I’ve been thinking about advice – both giving and asking for it.

When it comes to sharing advice, the rule is simple…and impossibly difficult to follow.


If you haven’t specifically asked for my advice, you don’t want it – and honestly I don’t want yours.

We give advice at every turn. It just makes so much sense to me that my son should eat better, that Andrew should not u-turn on Yonge Street and that Marilyn should wear boots when she comes to Canada in February. But none of these people want to hear any of that and I don’t need Marilyn’s advice to make fresh cat food for Betsy.

The biggest drawback to advice-giving is that it makes us stop listening. Once the nugget the other person needs to hear has taken hold in our brain, we’re just waiting for a chance to share our epiphany with them. Problem!

When it comes to asking for advice, I’ve been asked for more of it as a business owner than ever before in my life.

Mostly these requests come from people who request a meeting to talk about their business idea. I’m always happy to do this if time permits and in so doing, I’ve realized there are 3 types of help people are usually seeking:

  • motivation and affirmation
  • my opinion on aspects of their plan
  • specific questions based my knowledge and expertise

I wish I had the ability to help on type #1 and #2 but I’m not sure anyone can motivate a would-be entrepreneur or provide an opinion that is worth too much. Motivation- especially for a business venture- needs to be from within, a desire to bring to life a vision that only you can see. That sounds woo-woo but as Andrew likes to say, a new business is created “from air” so at some point it is just an idea that is a very long way from seeing the light of day.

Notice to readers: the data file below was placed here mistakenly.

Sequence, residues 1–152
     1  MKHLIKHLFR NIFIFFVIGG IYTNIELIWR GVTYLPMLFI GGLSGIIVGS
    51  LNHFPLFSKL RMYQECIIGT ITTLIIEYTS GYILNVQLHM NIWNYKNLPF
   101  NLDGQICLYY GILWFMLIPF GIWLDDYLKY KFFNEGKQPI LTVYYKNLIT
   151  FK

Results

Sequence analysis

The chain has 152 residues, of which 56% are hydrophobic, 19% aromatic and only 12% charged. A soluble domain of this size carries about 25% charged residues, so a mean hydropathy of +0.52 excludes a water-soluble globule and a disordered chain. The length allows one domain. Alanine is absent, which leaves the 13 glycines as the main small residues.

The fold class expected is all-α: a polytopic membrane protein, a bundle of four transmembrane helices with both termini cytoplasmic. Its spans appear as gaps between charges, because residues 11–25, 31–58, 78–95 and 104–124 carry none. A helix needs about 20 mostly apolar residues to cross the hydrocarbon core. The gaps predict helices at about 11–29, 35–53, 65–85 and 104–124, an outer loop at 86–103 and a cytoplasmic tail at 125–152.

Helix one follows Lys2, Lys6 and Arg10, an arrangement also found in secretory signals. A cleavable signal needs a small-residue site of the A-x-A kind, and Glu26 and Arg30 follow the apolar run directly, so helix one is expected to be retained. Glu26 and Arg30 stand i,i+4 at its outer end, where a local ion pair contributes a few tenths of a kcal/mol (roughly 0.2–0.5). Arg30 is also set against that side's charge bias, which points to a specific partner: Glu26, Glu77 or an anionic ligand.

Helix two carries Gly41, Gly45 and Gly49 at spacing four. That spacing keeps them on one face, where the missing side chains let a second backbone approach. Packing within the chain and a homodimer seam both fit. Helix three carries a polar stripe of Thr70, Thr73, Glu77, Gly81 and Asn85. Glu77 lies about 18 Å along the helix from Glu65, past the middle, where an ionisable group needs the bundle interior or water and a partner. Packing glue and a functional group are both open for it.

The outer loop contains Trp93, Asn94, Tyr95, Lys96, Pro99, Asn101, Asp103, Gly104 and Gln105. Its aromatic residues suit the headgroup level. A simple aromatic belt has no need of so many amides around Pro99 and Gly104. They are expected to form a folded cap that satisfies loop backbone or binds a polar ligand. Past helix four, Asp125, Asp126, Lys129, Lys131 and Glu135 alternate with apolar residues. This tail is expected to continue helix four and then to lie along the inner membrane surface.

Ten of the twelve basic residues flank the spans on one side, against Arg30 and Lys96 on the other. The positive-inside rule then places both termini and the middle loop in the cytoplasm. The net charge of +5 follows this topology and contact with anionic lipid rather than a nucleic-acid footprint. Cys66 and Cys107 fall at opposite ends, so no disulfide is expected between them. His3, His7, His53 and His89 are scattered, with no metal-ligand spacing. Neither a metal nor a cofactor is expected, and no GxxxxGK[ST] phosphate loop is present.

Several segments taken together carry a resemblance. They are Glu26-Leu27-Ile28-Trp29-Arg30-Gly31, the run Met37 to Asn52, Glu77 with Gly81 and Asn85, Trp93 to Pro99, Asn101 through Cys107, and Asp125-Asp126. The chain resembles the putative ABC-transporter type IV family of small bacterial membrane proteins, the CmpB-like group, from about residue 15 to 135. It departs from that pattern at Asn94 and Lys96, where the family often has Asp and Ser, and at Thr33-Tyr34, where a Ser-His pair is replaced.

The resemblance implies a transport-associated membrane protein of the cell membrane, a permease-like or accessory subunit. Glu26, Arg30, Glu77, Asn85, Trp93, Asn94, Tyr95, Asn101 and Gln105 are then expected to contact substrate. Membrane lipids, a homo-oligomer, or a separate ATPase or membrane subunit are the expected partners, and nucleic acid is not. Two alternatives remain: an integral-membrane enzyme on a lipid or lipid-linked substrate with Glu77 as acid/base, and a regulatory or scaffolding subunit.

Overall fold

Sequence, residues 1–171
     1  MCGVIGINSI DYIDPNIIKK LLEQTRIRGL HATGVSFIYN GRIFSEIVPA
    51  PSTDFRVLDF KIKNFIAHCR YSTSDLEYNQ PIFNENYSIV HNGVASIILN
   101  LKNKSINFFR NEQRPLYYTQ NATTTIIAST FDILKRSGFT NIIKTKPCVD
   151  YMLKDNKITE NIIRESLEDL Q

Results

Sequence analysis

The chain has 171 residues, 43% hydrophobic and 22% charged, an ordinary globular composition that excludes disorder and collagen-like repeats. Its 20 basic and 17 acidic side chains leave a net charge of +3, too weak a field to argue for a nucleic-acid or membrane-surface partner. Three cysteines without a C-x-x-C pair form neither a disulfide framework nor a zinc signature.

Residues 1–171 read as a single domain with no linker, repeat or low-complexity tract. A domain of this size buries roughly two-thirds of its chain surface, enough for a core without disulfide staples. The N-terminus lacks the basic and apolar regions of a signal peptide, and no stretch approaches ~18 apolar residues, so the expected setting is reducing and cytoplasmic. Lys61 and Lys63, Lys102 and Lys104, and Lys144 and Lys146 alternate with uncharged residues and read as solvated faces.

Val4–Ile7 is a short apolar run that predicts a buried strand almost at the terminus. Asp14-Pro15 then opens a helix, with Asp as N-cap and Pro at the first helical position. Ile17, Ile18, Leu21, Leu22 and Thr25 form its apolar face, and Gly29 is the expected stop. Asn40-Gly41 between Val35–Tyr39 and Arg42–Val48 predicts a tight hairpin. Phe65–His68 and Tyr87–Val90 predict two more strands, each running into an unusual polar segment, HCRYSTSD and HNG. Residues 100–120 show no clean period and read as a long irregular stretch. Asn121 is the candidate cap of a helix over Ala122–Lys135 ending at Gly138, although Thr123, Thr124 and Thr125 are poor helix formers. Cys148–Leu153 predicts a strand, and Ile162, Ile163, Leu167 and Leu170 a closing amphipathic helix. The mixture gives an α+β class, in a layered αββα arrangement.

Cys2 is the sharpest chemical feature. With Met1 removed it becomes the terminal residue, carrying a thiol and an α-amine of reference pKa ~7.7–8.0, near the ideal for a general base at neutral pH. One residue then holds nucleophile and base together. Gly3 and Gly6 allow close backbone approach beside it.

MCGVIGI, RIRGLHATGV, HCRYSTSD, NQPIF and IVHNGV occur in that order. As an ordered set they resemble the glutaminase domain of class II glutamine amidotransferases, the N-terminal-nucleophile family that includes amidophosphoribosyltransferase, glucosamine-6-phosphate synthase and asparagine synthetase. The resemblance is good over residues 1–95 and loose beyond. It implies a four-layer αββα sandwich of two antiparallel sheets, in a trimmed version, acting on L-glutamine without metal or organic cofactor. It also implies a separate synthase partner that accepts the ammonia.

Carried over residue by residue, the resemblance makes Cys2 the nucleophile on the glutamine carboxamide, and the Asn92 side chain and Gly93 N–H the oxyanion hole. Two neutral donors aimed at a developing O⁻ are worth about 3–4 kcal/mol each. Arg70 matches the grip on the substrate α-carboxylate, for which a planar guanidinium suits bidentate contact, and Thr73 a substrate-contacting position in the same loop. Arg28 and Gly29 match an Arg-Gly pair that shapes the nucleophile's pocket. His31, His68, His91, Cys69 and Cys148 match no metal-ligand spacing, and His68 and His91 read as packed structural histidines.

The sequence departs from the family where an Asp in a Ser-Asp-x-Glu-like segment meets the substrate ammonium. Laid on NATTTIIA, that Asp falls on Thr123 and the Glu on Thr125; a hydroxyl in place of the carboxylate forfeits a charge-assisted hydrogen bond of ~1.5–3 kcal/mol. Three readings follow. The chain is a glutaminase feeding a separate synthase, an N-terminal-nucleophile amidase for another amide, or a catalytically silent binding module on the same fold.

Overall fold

And my opinion on the potential success of another person’s venture, the ideal colours for  their shoe line, the best logo design or whether they should sell only online or in a store…really, without an in-depth review of the research, forecasting and the  person’s vision (again), my opinion or anyone else’s is not nearly as important as their opinion.

Type #3 however is a great thing to ask for: specific questions about things I may know about that will  help them get traction. Where do I get commercial ovens? How do I find out all the licensing requirements? Where can I start to research packaging? How do I get a butter permit? Do you have only one supplier? Questions like these I can answer easily and I think my answers will be helpful to someone wanting to start a commercial food business.

When I was working on the PGB logo in 2010, the  first batch Christina sent me included 40 different ideas in two separate colour schemes. I sent the entire array out to a group of people asking for their opinion…and of course everyone came back with a different opinion, none of which were really what I wanted to do. I asked myself why I had asked for so many opinions when really the  logo had to come from me. After that I realized that although it’s essential to have a small trusted group to bounce ideas off, there’s no way to sidestep the tough task of setting your own course.

About the author

Jean Blacklock

Jean opened the popular Prairie Girl Bakery in the financial district of Toronto in 2011. She owned and operated the business until it closed in 2021 as a result of the pandemic’s impact on downtown Toronto. Read more about her background in commerce, law, and entrepreneurship here.

By Jean Blacklock


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